Whoa! Has it really been that long? More than two months! My apologies. Last week I returned from a trip to Fes, Morocco where I took in the annual Fes Festival of Sacred Music. The city was incredible—rooted in the distant past, while struggling with the present, pervasive poverty but a fighting spirit. The medina was spectacular, tiny little stalls packed with all sorts of goods—many in plastic bags from China—but many more haphazardly hung, or in the case of many slabs of fly-speckled meat, simply sitting out on marble counters. Here’s a photo of one of my favorites stops, which sold hand-jarred olives, harisa, preserved lemons, and other such pickled treats.
The musical offerings were a mixed bag, but the music from the North Africa—as well as the Azerbaijani mugam singer and Malian superstar Salif Keita—was almost uniformly excellent. On all but the first evening of the festival, the proceedings closed with the “Sufi Nights” series, featuring a slew of traditional music groups from Morocco. I didn’t see them all, but there was no doubt that the highlight was the performance by Tariqa Aïssaouia from Fes. This is trance music at its best, with a super chill front man singing deep soul like he was absently snapping his fingers; a number of group members played the double-reed rhaitas, delivering piercing, nasal lines over a hard-hitting phalanx of hand percussion for an irresistibly funky breakdown. The local audience went nuts over them,literally kicking up dust and clapping in wonderfully complex, synopated patterns. I picked up a number of cds by the group, all of the album and song titles in Arabic; therefore I’m unable to provide any specifics for the track here, but since it seems highly unlikely that these releases are findable here in the US—although they’re all on the Belgian Fassiphone imprint, I couldn’t find any reference to them on the label’s website—it shouldn’t matter too much.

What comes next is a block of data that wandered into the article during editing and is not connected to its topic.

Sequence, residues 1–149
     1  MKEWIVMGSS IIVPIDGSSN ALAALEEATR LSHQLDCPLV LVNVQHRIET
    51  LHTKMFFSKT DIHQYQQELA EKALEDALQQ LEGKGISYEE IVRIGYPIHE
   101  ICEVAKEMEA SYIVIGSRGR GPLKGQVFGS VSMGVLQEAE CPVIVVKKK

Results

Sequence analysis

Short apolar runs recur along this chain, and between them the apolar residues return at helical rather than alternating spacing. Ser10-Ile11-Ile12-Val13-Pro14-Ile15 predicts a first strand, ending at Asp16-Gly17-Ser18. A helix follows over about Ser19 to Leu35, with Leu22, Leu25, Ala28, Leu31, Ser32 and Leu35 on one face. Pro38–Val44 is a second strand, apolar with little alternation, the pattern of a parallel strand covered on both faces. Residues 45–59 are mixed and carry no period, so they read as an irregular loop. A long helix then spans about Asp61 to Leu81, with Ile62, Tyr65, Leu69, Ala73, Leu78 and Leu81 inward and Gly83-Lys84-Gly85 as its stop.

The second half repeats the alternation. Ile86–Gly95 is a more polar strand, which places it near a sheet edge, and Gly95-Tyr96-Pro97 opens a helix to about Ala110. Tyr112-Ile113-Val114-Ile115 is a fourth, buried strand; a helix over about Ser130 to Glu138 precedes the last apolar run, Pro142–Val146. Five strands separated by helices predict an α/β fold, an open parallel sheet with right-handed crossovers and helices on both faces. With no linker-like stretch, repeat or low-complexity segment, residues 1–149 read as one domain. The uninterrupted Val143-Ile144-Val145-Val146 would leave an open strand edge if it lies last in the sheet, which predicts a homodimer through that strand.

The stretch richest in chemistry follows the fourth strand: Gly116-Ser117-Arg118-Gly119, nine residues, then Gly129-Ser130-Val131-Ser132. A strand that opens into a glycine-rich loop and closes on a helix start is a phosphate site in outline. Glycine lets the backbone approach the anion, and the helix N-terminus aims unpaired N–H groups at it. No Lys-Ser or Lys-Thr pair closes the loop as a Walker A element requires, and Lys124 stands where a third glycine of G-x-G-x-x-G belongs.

(COPYRIGHT SUZANNA CLARKE 2006)